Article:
'London Has Fallen': A rip-roaring sequel to 2013 White House-under-siege hit

Aaron Eckhart, left, and Gerard Butler in Grammercy Pictures', 'London Has Fallen.'

"We've been compromised."

You don't say.

In London Has Fallen, the rip-roaring sequel to 2013's White House-under-siege hit Olympus Has Fallen, Secret Service agent Mike Banning (Gerard Butler) looks around at the terrorists disguised as police, the terrorists disguised as Buckingham Palace guards, the terrorists aiming shoulder-launched rockets at the president of the United States, and decides there has been a security lapse.

No kidding. Five world leaders have just been assassinated. Bridges, buildings, and monuments have been blown to smithereens. And President Benjamin Asher (a somewhat Bush-ian Aaron Eckhart) is on the run, chased by squads of armed extremists.

Written by husband-and-wife team (and former Philadelphians) Creighton Rothenberger and Katrin Benedikt (with some added screenplay assists) and directed by Babak Najafi, London Has Fallen is an impossibly enjoyable live-action cartoon that plays on our real-life anxieties about vengeful cadres of foreign radicals blowing up people - and places.

The British prime minister has died of an apparent heart attack, so a memorial service has been arranged, with dignitaries from around the world descending on London for the event.

"It's a logistical nightmare," worries Lynn Jacobs (Angela Bassett), the director of the Secret Service. She's Mike's boss, and she has also just agreed to be godmother to Mike and his wife's (Radha Mitchell) baby, expected to pop in a matter of weeks.

With dadhood looming, Mike has been busy composing his resignation letter, but before he can hit "send" on his laptop, a call comes in from the White House. The prime minister is dead, and Mike is needed to head the team to protect the prez. The duo are jogging partners. They bonded after the bloody showdown with the North Koreans who stormed 1600 Pennsylvania Avenue in Olympus Has Fallen.

In the wake of the elaborately planned attacks - the years-in-the-making orchestrations of an arms dealer by the name of Aamir Barkawi (Alon Aboutboul) - Mike and Mr. President are gunning an armor-plated Range Rover up and down London side streets. It's not long before Eckhart's commander in chief is firing back at the waves of pursuing bad guys, too. It's like Harrison Ford in Air Force One: the president as action hero. If there's a third Fallen movie, they can stop with the protector/protectee stuff and just show Mike and the president patrolling the District of Columbia in a limo, looking out for trouble.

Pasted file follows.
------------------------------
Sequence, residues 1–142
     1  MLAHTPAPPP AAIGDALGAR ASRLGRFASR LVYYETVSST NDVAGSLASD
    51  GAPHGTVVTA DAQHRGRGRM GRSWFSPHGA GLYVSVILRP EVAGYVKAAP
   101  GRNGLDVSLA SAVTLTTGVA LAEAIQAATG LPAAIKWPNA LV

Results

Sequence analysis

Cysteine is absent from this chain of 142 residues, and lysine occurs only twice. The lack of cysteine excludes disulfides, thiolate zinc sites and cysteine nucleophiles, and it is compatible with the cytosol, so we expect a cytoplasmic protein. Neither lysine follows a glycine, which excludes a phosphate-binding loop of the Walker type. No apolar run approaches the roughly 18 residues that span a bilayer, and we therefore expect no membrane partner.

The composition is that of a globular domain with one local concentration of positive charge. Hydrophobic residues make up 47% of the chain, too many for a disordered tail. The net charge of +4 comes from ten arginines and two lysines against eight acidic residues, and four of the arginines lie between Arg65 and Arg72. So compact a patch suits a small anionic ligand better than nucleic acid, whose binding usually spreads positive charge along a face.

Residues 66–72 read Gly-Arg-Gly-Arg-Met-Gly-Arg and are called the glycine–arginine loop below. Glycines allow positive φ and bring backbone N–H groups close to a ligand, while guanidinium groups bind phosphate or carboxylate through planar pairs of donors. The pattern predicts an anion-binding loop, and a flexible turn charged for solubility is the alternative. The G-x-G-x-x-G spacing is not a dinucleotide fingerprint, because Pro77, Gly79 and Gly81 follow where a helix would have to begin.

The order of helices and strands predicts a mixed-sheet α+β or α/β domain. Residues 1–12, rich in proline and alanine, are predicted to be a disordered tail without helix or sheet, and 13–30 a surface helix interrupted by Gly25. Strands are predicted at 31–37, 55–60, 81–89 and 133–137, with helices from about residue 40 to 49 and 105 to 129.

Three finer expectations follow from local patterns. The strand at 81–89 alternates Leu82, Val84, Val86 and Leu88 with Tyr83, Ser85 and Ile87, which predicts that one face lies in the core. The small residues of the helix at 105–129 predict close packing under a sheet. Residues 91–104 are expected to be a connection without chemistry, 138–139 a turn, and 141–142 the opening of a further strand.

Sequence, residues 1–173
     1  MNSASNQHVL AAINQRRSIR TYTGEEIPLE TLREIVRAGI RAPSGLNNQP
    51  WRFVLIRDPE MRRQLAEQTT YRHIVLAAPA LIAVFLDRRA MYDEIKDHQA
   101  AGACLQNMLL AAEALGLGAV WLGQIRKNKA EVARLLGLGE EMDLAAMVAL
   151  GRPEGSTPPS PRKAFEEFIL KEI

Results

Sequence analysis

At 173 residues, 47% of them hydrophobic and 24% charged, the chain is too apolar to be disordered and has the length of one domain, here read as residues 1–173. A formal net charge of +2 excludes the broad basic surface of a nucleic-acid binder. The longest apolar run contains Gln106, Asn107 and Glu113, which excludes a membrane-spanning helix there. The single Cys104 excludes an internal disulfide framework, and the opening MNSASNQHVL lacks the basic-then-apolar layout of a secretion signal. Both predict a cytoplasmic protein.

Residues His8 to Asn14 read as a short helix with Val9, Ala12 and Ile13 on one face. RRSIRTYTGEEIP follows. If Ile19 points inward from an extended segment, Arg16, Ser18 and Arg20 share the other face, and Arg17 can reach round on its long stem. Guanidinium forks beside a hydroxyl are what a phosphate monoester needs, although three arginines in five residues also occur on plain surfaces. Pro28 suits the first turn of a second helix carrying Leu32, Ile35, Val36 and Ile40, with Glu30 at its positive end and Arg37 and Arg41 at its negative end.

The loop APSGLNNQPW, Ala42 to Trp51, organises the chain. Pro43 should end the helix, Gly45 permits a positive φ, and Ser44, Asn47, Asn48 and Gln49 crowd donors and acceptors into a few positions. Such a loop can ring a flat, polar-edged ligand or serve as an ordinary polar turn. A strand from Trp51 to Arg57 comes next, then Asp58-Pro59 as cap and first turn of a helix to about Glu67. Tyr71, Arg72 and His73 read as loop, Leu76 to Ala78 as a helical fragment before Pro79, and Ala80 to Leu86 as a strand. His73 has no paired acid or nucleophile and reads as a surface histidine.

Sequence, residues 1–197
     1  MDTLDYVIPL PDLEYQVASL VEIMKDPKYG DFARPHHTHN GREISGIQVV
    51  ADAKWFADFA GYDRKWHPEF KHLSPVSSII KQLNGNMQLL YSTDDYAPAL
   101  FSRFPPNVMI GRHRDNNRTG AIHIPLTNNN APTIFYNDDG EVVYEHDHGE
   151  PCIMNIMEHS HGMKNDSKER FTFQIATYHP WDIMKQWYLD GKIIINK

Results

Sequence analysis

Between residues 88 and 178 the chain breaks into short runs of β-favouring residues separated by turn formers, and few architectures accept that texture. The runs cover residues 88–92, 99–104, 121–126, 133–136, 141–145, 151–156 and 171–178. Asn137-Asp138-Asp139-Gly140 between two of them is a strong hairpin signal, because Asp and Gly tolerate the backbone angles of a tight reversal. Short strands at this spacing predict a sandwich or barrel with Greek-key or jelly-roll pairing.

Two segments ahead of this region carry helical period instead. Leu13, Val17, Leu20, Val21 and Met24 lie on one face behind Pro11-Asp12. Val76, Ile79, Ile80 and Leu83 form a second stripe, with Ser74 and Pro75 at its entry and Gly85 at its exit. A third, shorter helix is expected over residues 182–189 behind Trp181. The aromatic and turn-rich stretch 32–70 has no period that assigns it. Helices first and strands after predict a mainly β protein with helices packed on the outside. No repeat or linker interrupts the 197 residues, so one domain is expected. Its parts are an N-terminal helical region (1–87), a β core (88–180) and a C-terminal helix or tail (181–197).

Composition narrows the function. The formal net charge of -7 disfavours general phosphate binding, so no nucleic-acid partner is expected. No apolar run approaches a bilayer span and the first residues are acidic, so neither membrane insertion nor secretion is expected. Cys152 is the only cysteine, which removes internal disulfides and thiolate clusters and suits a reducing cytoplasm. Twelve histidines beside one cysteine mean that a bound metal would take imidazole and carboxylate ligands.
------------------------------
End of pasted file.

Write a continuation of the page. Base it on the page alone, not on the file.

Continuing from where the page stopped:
And if there's a sequel to this sequel, they should also do something about the comically stymied supporting cast watching the horrific events unfold from the Situation Room. Vice President Trumbull (Morgan Freeman) is in command, as cool and calm as someone who keeps exclaiming "Oh my God!" can be. But Melissa Leo (the secretary of Defense), Jackie Earle Haley (the chief of staff), and Robert Forster (the top military man at the table) bring new meaning to the word ineffectual.

Sure, they're sitting there watching live drone shots of the London conflagration, and there's not much they really can do - but they're behaving more like sedated patients in a psych ward than presidential advisers.

As soon as he dusts himself off and returns to the Oval Office, President Asher needs to shuffle his Cabinet. New secretary of Defense? Mike Banning, who else? He knows how to bring it on.


London Has Fallen

Directed by Babak Najafi. With Morgan Freeman, Radha Mitchell, Gerard Butler, Robert Forster, Angela Bassett, Aaron Eckhart, Melissa Leo, Jackie Earle Haley, Alon Moni Aboutboul, Sean O'Bryan. Distributed by Focus Features.

Running time: 1 hours, 39 minutes.

Parent's guide: R (for strong violence and language throughout).